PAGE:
Crazy as a Loom

Tuesday, May 3, 2011

Full circle

Wow.
What a difference a few days can make.
Yesterday and today I have actually stayed home.  First time in a long time.
This is where I need to be.
The fates conspired, and I don't have any orders hovering over me.  That is a good thing.
I don't like to make people wait.


My mother is in quite a bit of pain, and on top of it, she is one handed.  Even at 86, she is used to doing everything for herself.  She even does all the laundry in the house.  She jokes that she worked in a laundry when she was 16, for 4 years, in England.  And now she is back at it.  It's a natural she thinks.
Lots of things remind her of her childhood these days.

So this is tough for her.  Not being able to do the things she does every day.

I needed to be here, to set the tone.
Schedules are good, when your whole world is tossed upside down.
And walking is big on this schedule, because I know how quickly someone her age can lose the strength to do just that, walk.
So through the house she goes, with a cane for security, with me right behind her.  I said, "Sorry if I become Nurse Ratchet."
She said," You already are."

Funny, how 30 years of nursing gets into your pores, and no matter how much you don't want it, when something like this happens, you feel like you are in a time warp.
How I loved nursing when I started.  I read everything, studied hard, wanted to understand it all, wanted to be able to do it all.  I loved wearing scrubs.  I loved  the responsibility, the hard work, the details.
I loved all of it.  It was a huge part of who I was.
When did I stop loving it?

Ah, no matter, I did stop anyway.  Probably 20 years of working in a maximum prison for adult male felons.
The worst New York had to offer.
Maybe it was the HIV blitz in the 80's, when the mortality rate was high, and being in prison wasn't the worst thing that could happen, but being in prison with AIDS just might be.
It might have been the 'brotherhood' that prevailed, or the disconnect between government, and what really happened behind those walls.
And the shift work and double shifts didn't help.
I never thought I would forget the sounds, and the smells, and the way it felt to walk down those corridors.
But I think I may have.
Yes, I stopped loving it a long time ago.
But I know what to do for my mother, and I know what she needs.
That, too, is a good thing.


So while I have been home, in between taking care of her, I have been cleaning.  Spring cleaning that would make "L", the queen of spring cleaning, damn proud.

Wow, my house is sparkling.  I have been somewhat neglectful it seems.
While cleaning out books and papers in my bedroom, I came across a Mother's Day card from my youngest, Morgan.  That's her with my mother.

There is no date on it, but you can tell she was very young when she wrote it.
It said:
To my mother on Mother's Day.
Mom you are very special to me in every way.
When I think of all the reasons why, it gives me a special feeling inside that no one else can give me.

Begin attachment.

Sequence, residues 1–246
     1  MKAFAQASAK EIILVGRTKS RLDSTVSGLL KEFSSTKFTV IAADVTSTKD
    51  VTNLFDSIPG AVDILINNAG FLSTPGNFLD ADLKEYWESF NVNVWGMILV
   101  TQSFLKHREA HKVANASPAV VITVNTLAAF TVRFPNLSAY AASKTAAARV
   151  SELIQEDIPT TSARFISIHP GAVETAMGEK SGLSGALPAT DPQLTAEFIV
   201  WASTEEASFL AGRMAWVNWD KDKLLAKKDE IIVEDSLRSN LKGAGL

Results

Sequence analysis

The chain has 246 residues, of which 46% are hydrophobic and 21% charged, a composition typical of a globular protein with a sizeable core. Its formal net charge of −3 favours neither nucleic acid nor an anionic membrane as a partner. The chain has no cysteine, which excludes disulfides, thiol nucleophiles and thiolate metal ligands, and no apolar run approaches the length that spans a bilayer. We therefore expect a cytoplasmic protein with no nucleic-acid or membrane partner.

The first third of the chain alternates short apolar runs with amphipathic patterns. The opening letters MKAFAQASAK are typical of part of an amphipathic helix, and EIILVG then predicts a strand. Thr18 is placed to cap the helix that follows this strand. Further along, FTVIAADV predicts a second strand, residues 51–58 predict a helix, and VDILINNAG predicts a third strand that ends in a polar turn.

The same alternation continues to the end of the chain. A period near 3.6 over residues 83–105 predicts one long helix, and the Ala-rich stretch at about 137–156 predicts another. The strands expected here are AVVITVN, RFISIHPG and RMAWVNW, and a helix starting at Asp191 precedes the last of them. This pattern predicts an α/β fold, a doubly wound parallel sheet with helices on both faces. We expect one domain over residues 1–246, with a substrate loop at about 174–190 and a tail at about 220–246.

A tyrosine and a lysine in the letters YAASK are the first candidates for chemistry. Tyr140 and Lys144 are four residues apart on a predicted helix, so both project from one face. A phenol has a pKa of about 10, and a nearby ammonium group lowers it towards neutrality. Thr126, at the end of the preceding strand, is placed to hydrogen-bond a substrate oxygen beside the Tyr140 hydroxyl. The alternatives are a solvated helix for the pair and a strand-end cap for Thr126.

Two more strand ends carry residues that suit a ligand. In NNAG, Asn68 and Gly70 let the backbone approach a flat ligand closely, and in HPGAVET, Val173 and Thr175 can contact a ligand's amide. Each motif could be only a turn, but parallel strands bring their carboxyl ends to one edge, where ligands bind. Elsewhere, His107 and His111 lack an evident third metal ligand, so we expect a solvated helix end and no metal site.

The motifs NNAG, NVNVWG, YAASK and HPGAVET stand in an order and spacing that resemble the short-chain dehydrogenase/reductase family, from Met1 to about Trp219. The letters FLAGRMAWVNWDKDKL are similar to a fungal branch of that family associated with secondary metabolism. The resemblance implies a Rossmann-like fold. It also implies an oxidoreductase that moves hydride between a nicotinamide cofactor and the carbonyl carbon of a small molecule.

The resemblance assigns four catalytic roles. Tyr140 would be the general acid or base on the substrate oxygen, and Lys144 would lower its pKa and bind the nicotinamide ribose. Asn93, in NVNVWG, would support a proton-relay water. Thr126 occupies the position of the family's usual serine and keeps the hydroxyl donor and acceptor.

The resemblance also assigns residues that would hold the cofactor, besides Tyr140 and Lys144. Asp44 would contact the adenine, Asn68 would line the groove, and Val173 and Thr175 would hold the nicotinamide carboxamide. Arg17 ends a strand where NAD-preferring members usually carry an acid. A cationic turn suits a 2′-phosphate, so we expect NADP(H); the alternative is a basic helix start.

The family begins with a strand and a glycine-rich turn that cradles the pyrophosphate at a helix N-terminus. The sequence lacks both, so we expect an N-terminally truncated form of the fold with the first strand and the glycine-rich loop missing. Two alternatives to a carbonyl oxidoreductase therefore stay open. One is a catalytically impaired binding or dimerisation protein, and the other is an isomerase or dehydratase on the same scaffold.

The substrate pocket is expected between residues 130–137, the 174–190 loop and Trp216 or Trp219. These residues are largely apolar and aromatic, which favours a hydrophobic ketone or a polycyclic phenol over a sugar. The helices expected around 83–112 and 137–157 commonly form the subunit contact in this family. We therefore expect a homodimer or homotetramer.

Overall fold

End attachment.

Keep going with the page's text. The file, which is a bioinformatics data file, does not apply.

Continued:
Everything you do for me will stay with me forever.
I love you very much!
Happy Mother's Day!
By: Morgan

It made me teary, and I realized how true that was.  Because everything my mother has done for me, will certainly stay with me forever.







11 comments:

A Brit in Tennessee said...

Aww, she looks lovely !
She has certainly been through tough times during hern life, I'd say, she's well qualified for any role she turns her hand to.
Good for her.
Lovely post,
Hugs,
~Jo

claudia said...

Your Mom and your daughter are beautiful. Love their smiles!
It is lucky for your Mom that yu know what she will need in the coming weeks. And good for you being that Nurse Ratchet, it's just what she needs.

Country Girl said...

Why you make-a me cry?

Shoot!

texwisgirl said...

Oh, that was touching - 3 generations of women represented in various stages of age and love. :)

La Petite Gallery said...

I know it is a hard time, trying to fix everything in. Your Mom looks great and your Daughter is beautiful as you. Get a few days of (MY TIME) it's important.
yvonne

Joanna said...

*Beautiful mum, beautiful daughter*, repeat from * to * (through the generations)

Anonymous said...

My sweet friend Hilary what a lovely description of your mom. She is a true blessing to you, your girls and all that know her and love her. My kids still call her Nan and still talk of her and your dad. Please lets take some time to get together before another year goes by. love you, Jude

Anonymous said...

Hi Hilary,
I loved this. Thanks for such a sweet, sentimental blog. It has been many years since I last saw your mother but she is still lovely. How nice that you have daughters. I have 4 sons and I adore them but it would have been nice to have a girl.

sharon said...

Isn't it amazing how sometimes we fight not to become like our mom and in the end, we find we are just like them, it is a full circle after all.

Suzabella said...

A nurse, a weaver, and a writer. Love your writing and sharing. Interesting that we all go through the very same stages, no matter were we live. Lovely. : )

KarenInTheWoods and Steveio said...

You are leading a most-interesting life for sure...

PS is that a Collingwood class sampler I see hanging in the background?

~*~*~*~*~*~*~*~*~*~*~*~*~*~*~*~*~
Karen and Steve
(Our Blog) RVing: Small House... BIG Backyard
 http://kareninthewoods-kareninthewoods.blogspot.com/

Welcome to my world.

Because every thread counts

Because every thread counts